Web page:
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PolyVulc to sell recycling biz

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VICKSBURG, Miss. (July 24, 2014) — PolyVulc USA Inc., a Vicksburg-based plastics injection molder, is seeking buyers for its primary business and two rubber recycling subsidiaries, PolyVulc Tire Recycling L.L.C. and Winnsboro Rubber Recycling L.L.C.

To effect the sale, PolyVulc has retained Easton, Md.-based Heritage Equity Partners to handle the transactions.  

Founded in 1995 by Fred Farrell and Larry Lambiotte, PolyVulc recycles plastics into pier pads and perimeter foundation wall systems for manufactured homes.

Its PolyVulc Tire Recycling subsidiary, located southwest of downtown Jackson, Miss., shreds whole tires into chips of  ¾-inch to two inches in size, according to PolyVulc.

Some of Polyvulc Tire Reycling’s chips are sold as playground fill and tire-derived fuel, the company said. The rest are sold to the parent company for use in its steel reclaiming system, or to its second subsidiary, Winnsboro Rubber Recycling.

Assets include two buildings covering 20,000 square feet on 6.2 acres of land. Shredding capacity is listed as 30,000 tons annually.

Based in Winnsboro, La., Winnsboro Rubber Recycling grinds rubber chips into finely ground rubber powders (-40 to 10 mesh) for applications such as asphalt, athletic fields, roofing and soaker hoses, according to PolVulc.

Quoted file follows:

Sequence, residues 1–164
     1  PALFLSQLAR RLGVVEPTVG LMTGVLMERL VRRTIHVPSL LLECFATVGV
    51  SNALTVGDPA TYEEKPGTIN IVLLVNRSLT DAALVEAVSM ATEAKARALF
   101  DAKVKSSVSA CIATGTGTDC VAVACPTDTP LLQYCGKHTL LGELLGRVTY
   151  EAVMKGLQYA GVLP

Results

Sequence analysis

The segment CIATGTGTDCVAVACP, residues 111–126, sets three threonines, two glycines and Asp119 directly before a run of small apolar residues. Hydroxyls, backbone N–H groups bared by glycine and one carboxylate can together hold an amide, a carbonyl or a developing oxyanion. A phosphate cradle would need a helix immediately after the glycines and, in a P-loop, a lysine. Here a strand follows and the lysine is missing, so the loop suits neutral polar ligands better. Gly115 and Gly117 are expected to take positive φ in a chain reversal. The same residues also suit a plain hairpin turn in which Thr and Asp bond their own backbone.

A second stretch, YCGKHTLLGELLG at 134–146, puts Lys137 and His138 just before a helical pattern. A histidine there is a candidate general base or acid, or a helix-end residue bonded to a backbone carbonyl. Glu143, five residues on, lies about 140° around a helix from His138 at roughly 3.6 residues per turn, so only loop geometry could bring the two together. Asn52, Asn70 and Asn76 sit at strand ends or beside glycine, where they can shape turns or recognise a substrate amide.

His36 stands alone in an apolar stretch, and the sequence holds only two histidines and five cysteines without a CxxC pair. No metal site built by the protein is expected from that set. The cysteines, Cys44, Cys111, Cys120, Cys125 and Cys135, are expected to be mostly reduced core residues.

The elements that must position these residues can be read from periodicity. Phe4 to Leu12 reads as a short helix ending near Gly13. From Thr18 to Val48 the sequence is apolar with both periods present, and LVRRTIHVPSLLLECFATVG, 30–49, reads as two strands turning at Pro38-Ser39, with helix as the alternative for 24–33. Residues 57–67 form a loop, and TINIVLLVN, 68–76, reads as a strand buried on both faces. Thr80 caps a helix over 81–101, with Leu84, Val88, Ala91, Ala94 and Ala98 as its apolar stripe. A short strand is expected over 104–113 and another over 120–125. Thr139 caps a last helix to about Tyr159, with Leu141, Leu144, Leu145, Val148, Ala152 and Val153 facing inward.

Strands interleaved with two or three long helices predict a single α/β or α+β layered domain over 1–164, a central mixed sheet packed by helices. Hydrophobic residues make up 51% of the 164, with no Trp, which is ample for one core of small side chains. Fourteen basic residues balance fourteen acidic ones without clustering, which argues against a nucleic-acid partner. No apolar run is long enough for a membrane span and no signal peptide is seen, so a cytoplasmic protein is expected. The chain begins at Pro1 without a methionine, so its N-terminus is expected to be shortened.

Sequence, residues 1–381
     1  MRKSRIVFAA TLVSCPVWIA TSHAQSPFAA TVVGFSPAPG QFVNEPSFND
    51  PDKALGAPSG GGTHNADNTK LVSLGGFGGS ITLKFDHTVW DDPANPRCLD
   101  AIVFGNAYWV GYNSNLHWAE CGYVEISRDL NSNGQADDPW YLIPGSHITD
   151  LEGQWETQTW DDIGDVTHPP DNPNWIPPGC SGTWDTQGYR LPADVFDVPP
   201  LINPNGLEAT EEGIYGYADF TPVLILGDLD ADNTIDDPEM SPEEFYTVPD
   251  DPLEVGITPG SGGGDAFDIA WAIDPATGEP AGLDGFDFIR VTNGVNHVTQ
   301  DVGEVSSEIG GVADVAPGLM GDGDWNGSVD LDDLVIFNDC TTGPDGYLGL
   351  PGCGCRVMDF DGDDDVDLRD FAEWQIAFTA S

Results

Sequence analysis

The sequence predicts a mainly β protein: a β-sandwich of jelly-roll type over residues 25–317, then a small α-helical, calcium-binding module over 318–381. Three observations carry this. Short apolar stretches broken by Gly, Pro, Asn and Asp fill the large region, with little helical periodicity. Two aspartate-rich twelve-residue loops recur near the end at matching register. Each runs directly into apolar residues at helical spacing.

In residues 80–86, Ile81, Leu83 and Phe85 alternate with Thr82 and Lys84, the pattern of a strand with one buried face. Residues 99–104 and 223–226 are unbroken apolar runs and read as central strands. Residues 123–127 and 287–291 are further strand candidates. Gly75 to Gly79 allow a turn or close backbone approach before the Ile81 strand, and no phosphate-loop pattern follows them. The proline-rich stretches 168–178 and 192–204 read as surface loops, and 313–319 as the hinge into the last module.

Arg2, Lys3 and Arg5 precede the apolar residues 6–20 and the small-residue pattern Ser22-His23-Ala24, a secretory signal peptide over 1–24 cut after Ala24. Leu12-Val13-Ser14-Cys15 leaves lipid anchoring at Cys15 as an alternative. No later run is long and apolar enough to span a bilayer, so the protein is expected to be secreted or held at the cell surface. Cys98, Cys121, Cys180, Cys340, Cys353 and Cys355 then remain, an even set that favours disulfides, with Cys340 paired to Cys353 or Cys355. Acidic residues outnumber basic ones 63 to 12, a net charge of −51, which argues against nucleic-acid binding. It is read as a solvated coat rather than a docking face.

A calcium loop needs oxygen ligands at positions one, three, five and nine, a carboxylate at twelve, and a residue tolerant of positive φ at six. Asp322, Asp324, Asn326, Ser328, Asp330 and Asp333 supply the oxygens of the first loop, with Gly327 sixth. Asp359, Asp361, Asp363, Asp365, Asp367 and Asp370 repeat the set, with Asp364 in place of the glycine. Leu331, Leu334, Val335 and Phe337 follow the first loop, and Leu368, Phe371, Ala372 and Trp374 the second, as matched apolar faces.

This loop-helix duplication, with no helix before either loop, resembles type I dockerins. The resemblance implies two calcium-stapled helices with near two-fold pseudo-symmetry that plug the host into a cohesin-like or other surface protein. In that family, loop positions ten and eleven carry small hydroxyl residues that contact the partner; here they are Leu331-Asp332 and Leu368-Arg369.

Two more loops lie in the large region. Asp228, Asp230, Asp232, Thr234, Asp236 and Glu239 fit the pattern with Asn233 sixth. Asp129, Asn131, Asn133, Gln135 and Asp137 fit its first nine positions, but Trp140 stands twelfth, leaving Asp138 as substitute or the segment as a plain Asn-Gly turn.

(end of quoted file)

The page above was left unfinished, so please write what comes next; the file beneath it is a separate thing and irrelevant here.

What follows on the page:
Winnsboro Rubber Recycling also shreds whole tires for its own use, with a capacity of 40 million pounds annually, PolyVulc said. Assets include a 70,000-sq.-ft. building on 6 acres of land.

PolyVulc Tire Recycling and Winnsboro Rubber Recycling have had annual revenues of $1.4 million and $2.2 million, respectively, according to Heritage Equity Partners.   

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Previous | Published January 28, 2016

Titan International and the United Steelworkers union have petitioned the U.S. International Trade Commission and U.S. Department of Commerce seeking relief from OTR tire imports from China, India and Sri Lanka. What’s your opinion?

I wholeheartedly support their action – something needs to be done.
(36 votes)
I think it’s a bad idea that could inevitably tie the hands of domestic tire makers.
(10 votes)
I oppose any duties against tire importers—they only raise costs for distributors and make it harder to obtain inventory.
(19 votes)
I’m kind of on the fence and not sure what’s right, but need more information before deciding.
(11 votes)
I don’t really care whether or not relief is granted.
(2 votes)
Total votes: 78